A Crash Course in Color Theory With Hanno Otten
Had they lived in the same city and century, Cologne-based artist Hanno Otten and Ludwig van Beethoven might have found themselves in the same book club. The two creatives have both cited a particular affinity for Johann Wolfgang von Goethe’s Theory of Colours, the German writer’s seminal discourse on color perception.
While originally proposed by Goethe as a scientific study, Theory of Colours has always resonated more persuasively as a philosophical exploration of the phenomenal effects of color on human experience. Goethe’s descriptions of individual hues brim with his own psychological responses. His passage on yellow, for instance, reads: “In its highest purity it always carries with it the nature of brightness, and has a serene, gay, softly exciting character.”
Hanno Otten’s photographs, photograms, and sculptures—made primarily from blocks and swathes of lucid color—explore the atmospheric capabilities of tone and light, and offer a visual extension of Goethe’s musings. This September, at Cologne’s Priska Pasquer Gallery, Otten’s extensive engagement with chromatics is presented in “Color,” a mini retrospective of works made from 1992 to the present day.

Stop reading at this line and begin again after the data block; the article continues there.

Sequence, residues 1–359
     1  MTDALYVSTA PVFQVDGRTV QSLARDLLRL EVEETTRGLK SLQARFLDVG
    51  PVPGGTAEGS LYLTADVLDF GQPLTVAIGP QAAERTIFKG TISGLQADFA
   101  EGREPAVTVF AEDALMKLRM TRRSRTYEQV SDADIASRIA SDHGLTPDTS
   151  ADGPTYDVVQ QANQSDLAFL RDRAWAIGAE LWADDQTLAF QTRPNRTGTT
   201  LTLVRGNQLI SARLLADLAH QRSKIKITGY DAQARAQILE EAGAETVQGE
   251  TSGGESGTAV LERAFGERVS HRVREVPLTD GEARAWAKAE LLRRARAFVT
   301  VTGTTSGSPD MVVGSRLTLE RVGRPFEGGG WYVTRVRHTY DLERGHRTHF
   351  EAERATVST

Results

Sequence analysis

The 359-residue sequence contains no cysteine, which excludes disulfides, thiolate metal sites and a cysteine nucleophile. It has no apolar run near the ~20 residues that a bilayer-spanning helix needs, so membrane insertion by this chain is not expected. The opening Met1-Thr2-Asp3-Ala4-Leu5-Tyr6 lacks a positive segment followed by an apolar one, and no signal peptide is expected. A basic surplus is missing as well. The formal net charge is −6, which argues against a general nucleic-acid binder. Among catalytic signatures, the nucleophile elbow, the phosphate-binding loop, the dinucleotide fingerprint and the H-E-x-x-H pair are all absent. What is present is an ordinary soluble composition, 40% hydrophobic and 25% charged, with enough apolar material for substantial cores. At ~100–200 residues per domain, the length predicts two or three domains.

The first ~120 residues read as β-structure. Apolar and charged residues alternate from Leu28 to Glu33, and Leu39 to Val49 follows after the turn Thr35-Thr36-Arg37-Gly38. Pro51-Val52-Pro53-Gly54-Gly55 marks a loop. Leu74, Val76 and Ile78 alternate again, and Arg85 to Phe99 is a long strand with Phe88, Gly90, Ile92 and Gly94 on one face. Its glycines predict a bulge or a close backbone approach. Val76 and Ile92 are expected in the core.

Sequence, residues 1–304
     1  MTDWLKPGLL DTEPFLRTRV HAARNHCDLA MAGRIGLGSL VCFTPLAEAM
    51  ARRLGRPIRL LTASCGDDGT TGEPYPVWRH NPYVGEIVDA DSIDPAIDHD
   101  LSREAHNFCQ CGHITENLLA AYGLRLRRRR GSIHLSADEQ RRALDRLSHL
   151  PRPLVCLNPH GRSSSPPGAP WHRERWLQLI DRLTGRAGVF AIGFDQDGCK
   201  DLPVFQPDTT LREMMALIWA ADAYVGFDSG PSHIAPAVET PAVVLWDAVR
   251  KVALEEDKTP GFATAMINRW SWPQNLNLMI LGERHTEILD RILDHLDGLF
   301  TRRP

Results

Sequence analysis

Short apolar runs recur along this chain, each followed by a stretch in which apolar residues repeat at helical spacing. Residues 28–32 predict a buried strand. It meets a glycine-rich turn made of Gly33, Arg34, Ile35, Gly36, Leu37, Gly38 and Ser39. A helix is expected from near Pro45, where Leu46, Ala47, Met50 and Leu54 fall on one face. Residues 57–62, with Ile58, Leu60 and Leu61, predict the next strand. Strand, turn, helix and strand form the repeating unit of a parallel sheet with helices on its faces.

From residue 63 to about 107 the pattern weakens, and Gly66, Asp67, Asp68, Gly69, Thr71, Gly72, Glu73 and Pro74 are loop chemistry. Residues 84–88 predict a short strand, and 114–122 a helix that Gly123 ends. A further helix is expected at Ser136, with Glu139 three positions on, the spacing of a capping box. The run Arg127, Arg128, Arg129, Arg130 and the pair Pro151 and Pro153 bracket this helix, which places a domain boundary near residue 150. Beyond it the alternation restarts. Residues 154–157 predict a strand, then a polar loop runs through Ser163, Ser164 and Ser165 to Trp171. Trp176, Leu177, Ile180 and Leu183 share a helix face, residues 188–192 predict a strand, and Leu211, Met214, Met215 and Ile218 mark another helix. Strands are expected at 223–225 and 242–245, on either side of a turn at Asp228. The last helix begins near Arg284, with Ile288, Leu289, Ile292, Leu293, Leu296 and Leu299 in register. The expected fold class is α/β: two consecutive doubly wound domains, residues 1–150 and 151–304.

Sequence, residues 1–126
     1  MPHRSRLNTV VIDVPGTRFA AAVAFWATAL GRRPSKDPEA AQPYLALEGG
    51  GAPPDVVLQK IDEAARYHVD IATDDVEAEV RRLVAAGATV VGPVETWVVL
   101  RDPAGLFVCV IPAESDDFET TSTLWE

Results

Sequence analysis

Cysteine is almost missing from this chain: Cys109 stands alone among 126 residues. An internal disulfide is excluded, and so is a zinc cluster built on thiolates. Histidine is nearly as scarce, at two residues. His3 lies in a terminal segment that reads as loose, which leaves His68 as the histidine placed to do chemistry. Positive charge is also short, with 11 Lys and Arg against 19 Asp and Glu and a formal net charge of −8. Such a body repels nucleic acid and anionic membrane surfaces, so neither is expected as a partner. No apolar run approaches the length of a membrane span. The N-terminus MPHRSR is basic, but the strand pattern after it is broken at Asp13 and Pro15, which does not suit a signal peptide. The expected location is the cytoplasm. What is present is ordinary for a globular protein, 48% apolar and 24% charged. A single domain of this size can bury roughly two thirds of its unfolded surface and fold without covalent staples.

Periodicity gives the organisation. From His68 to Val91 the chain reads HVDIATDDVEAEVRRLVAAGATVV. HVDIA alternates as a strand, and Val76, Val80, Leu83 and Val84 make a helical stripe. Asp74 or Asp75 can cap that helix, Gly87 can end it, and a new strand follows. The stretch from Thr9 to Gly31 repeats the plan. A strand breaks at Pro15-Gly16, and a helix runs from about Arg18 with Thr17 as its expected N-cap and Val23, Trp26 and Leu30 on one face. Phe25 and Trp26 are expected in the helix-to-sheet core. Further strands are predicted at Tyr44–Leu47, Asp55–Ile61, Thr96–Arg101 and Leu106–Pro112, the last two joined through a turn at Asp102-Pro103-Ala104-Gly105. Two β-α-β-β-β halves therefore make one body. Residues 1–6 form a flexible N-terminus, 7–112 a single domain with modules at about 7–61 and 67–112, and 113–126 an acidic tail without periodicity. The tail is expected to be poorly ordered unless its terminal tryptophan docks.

Otten’s newest work, “13 Colour Families,” offers a vivid study of monochromes in a grouping of c-prints. The series captures the abundant nuances of individual colors that we might—perhaps unjustly—sum up in a single word. The honed, albeit faceted, palettes invoke a range of references from emotional to social to art historical. Purpur (2) (2014), for instance, which resembles the scion of a Mark Rothko painting, or the visualization of lust, could moonlight as a psychedelic poster for a 60s rock band.
A selection of photograms from Otten’s ongoing “Colorblock” series, which he began in the early 1990s, grounds the exhibition in small compositions made from a refracted spectrum of reds, blues, and yellows. Created by directing light through multi-hued filters onto photosensitive paper, the resulting geometric fields of color surface as both medium and subject. At their edges, the forms overlap and blur, creating a sense of movement, incandescence, and practically anthropomorphic energy. Do Otten’s colors have personalities—as Goethe seemed to imply—or at least induce and express ours?